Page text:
Many medical providers love to point out that tattoos can have some unpleasant unintended consequences for one’s health. Typically, the situations wherein body art goes wrong leave the doctors frustrated and the inked-up patient sheepishly regretful.
A London man nearly upset this balance, however, when a play symbol tattoo on his chest – resembling an arrow pointed to his left side – momentarily flummoxed the St George’s Hospital surgical team prepping him for a procedure on his right side, according to a case study published in BMJ Case Reports and written by two cardiovascular department physicians.
The unnamed 23-year-old patient had been scheduled to undergo surgery to treat a recurrent right pneumothorax (also known as a collapsed lung), and following protocol, the team came by beforehand to obtain official consent and mark the planned incision site with a special pen.
Hoping to avoid any potential confusion, they came up with a quick and simple solution: They drew a bigger arrow on his right arm pointing toward the errant air bubble that had formed between the lung and the chest wall.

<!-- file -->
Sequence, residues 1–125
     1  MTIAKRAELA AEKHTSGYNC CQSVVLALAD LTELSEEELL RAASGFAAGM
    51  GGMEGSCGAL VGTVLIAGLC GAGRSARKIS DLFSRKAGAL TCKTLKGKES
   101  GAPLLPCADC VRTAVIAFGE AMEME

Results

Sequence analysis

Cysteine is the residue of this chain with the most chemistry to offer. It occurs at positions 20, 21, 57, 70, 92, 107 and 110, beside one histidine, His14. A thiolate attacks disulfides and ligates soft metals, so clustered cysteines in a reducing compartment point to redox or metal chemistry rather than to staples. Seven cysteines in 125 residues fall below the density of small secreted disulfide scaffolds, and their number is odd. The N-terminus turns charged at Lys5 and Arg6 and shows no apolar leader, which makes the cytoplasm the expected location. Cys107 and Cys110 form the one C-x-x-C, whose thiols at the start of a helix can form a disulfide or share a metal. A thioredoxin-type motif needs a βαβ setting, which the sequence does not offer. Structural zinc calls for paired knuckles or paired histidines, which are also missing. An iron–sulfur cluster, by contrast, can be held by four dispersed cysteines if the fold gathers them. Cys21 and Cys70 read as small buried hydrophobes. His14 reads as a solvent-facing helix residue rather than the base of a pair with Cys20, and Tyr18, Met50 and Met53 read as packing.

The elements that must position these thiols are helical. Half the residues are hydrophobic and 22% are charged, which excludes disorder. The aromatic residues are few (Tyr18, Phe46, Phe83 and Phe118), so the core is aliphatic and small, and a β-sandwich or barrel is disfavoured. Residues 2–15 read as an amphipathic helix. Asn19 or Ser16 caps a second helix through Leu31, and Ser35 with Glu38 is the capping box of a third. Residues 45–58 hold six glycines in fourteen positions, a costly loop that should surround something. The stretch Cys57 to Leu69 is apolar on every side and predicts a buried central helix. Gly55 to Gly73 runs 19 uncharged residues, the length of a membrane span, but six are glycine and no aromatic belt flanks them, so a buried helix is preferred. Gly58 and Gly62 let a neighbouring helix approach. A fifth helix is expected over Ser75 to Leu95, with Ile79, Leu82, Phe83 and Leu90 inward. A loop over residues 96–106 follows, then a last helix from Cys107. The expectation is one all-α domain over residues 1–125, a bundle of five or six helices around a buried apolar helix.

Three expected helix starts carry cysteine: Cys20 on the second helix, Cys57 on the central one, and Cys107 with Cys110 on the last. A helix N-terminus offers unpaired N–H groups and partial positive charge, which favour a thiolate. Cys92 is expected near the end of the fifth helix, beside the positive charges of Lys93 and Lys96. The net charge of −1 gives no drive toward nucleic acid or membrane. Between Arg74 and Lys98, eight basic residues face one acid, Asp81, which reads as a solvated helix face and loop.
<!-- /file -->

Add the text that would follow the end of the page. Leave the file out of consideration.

“Although the patient’s tattoo gave rise to quite a stir in the anaesthetic room and operating theatre, it reminded the entire team of the importance of correct site marking, the five perioperative communication steps and adhering to the WHO Surgical Safety checklist,” the authors wrote.
It may seem shocking to those outside the medical field, but procedures performed on the wrong body side or site are not that uncommon.
A 2006 study concluded that between 1,300 and 2,700 wrong-site events likely occur each year in the United States. Exact numbers are unavailable, but clinics and hospitals in the UK and beyond are just as susceptible to these mistakes, which stem from a lack of proper case documentation, poor staff communication, and/or failing to look at existing records.
In response to the troubling number of regrettable – and very preventable – incidents, the World Health Organization (WHO) launched the aforementioned checklist initiative in 2009.
Thankfully for the patient, the minimally invasive operations to vent the air pocket, called a bulla, and remove the damaged part of the membrane enveloping the lungs where the air had escaped were successful and uneventful.
“My parents always told me my tattoos would serve as a lesson one day, I don’t think they pictured this,” the patient stated.
“Glad I could provide a source of bemusement and hopefully education.”
Last year, Florida doctors were put in a truly confusing situation when a dying man bearing an oddly specific piece of body art – a chest tattoo reading “Do Not Resuscitate” – was brought into a Miami hospital. Turns out the man had also put this instruction in legally binding writing, so his request was honored.